You may not have noticed, but there’s a lot of great content out there. Whether you’re pursuing an Account-Based, Inbound or hybrid strategy, creating strong content is an imperative for three reasons:
- First and foremost, content represents table stakes to play
- It allows you to compete in the vital Zero Moment of Truth (ZMOT)
- Consistent content creation enables you to increase traffic, awareness and engagement
Your challenge in the content game is being heard. Unlike the proverbial tree falling in the empty forest, you’re competing in a marketplace that makes Times Square seem tranquil and quiet. So, if you want to win this game, how do you compete?
As I shared in a post back in 2012, the key is to always be challenging. If your content (and headlines) don’t challenge your prospect’s thinking, it’s highly unlikely you’ll be noticed, and even less likely you’ll generate engagement. As the landmark research done by the Sales Executive Council discovered, customers and prospects value selling organizations that challenge their thinking, provide unique insights into better performance and enable them to navigate unseen pitfalls.
A challenger message is crucial to win the attention and engagement of prospects at the top of funnel. Don’t mistake a challenge message with the negative approach of selling fear. A challenge message is rooted in knowledge and application, whereas fear relies on purporting misconceptions and lies.
When I share these insights with marketers, sellers and executives, it quickly resonates. The question I’m then immediately asked, is, “Doug, how do we do that effectively?”
Having created hundreds of these types of messages, I’ve developed some themes that I rely on when working with clients. Here are my 5 favorites.
Focus on an industry problem
Whether it’s your industry or a vertical you’re focused on, it’s a pretty good bet that there’s a major issue that’s affecting the performance of your prospects. The problem may not be getting very much attention because it’s considered insurmountable or a “cost of doing business.”
However, your approach may enable customers to make progress against the issue, or to even overcome it. Focus your message and headlines on these topics.
Several years ago we worked with a company in the relocation services business. The major problem we solved was filling critical empty positions. We calculated that each “empty seat” cost a company between $40,000 and $100,000. So we challenged the market with the question, “How many millions of dollars are you losing because of poor relocation programs and processes?”
Identify the impact you’ve had on your best clients
As I often tell sellers, the only reason someone doesn’t buy from you is because they don’t see or understand the consequences. Highlighting and teaching those consequences leads to a very effective message.
We work with a company that competes in the highly commoditized world of sales tools and sample kits. When implementing a lead generation program we were constantly greeted with a lack of interest, or a, “We’ll call you when we need something,” response.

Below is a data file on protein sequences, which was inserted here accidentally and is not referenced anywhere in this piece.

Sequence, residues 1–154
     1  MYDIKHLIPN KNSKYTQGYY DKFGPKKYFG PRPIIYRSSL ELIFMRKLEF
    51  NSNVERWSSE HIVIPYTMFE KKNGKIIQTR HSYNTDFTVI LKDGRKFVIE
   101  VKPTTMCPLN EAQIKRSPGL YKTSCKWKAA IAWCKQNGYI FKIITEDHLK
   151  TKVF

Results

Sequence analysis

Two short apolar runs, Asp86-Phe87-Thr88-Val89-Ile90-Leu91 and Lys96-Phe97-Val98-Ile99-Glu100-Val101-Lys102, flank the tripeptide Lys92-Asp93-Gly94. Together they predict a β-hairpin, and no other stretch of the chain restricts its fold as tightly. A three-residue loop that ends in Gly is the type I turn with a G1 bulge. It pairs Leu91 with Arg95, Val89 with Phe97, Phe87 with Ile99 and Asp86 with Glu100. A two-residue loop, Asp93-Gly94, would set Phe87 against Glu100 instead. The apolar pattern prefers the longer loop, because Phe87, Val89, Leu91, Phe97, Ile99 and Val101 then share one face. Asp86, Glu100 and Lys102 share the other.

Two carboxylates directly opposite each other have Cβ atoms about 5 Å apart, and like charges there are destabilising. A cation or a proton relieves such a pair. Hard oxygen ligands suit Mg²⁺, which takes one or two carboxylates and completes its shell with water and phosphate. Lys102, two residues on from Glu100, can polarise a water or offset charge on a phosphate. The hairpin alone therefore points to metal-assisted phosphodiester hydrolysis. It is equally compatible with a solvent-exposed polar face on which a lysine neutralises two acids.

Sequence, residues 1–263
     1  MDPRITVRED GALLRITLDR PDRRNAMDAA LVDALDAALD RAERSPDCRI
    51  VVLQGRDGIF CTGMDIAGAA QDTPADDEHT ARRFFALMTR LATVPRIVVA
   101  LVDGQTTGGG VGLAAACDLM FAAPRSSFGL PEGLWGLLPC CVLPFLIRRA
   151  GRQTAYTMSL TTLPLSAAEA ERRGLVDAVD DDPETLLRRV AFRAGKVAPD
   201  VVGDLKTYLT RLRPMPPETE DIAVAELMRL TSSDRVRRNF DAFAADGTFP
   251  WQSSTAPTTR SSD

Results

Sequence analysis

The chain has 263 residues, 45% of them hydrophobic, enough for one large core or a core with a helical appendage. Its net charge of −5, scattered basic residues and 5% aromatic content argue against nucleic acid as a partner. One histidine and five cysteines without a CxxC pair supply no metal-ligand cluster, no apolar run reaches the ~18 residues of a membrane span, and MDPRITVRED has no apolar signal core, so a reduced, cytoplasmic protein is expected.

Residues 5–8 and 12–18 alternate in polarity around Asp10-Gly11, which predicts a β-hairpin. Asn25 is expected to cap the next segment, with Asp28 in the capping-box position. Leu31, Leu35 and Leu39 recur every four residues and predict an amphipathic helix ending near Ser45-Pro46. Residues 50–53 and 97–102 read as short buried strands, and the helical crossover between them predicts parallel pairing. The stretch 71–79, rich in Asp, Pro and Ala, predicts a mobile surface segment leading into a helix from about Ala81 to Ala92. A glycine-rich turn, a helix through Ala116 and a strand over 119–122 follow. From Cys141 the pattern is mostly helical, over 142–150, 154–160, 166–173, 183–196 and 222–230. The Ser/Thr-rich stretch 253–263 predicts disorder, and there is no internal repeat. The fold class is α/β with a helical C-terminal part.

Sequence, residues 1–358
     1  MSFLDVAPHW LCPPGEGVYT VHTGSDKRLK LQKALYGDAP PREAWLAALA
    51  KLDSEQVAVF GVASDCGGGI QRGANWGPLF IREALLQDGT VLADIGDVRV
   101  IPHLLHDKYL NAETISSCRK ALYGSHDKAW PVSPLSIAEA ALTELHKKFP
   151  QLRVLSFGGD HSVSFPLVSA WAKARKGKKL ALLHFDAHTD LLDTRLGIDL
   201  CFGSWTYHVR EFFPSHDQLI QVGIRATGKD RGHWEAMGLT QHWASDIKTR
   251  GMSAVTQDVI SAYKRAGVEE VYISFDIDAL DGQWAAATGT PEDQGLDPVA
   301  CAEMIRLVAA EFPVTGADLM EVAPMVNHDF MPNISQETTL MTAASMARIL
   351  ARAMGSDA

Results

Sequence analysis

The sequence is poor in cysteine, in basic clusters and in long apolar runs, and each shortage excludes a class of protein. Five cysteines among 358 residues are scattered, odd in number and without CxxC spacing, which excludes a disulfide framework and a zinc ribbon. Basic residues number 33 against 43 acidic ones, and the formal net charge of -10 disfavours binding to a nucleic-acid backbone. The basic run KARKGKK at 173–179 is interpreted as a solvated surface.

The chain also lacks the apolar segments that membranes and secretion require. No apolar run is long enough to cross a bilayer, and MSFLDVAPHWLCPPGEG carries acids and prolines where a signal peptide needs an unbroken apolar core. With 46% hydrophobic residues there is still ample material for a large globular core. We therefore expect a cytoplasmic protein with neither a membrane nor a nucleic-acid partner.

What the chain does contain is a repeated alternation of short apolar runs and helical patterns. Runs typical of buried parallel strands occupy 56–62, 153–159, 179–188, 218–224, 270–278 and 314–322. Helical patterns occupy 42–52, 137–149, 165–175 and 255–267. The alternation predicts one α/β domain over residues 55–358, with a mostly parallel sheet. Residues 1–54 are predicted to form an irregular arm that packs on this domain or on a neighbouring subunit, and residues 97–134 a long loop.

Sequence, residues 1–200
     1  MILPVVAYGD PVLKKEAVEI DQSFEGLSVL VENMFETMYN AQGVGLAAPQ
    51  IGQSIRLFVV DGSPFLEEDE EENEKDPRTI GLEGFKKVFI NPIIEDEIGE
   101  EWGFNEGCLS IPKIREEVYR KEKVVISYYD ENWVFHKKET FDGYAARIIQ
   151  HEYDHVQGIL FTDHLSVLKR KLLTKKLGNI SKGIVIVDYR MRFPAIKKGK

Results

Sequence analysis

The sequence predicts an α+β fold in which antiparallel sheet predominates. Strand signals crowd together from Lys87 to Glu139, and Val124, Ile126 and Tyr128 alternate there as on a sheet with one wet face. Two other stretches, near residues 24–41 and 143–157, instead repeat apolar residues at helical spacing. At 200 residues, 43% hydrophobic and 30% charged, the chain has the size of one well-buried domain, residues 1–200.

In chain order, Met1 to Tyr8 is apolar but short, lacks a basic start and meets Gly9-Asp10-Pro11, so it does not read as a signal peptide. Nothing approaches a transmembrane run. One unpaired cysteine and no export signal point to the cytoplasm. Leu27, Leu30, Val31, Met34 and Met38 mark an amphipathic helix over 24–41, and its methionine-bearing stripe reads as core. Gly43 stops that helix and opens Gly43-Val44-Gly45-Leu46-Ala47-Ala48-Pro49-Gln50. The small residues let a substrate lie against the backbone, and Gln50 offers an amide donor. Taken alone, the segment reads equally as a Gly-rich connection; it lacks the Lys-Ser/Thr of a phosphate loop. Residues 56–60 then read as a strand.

So we looked at the results that were created in their best relationships, and repositioned the message and content to, “Most companies using sales tools and sample kits are losing 33% of their impact because of ineffective design.” The result was a complete change in posture on the part of prospects and the opportunity to assess their situation.
Take on a piece of common wisdom
If you want to quickly get someone’s attention, take on a scared cow. Address something that isn’t even questioned by people because it’s just assumed to be true. This approach is one that is often used by us at Lift is that take on the value.
Choose an enemy
As any great fiction writer will attest, you cannot have a powerful story without conflict or an enemy. Who, or what, is your enemy? Is it the status quo? Is it a philosophy?
Marketing guru Seth Godin is a champion with this approach. His enemy? Interruption marketing. He’s written more than a dozen bestselling books, started several companies and earned millions speaking with a message that challenges people to defeat this enemy and experience the nirvana of permission (inbound) marketing.
Make an outright challenge
The last, though certainly not the least, of my favorite approaches is to simply challenge your prospects to do more, do better and do faster. A great story doesn’t rely on data, it relies on belief. So if you’re doing something that hasn’t been done before, don’t let the lack of proof stop you from challenging your market.
As Simon Sinek is famous for saying, “People don’t buy what you do, they buy why you do it.” A company like HubSpot exploded because they simply challenged the world with a concept. Sure, today they have tons of data to support their proposition, but it all started out with challenging the world to find a better way.
If you want to see a challenge message in action, just watch HubSpot CEO Brian Halligans 2013 Inbound keynote speech.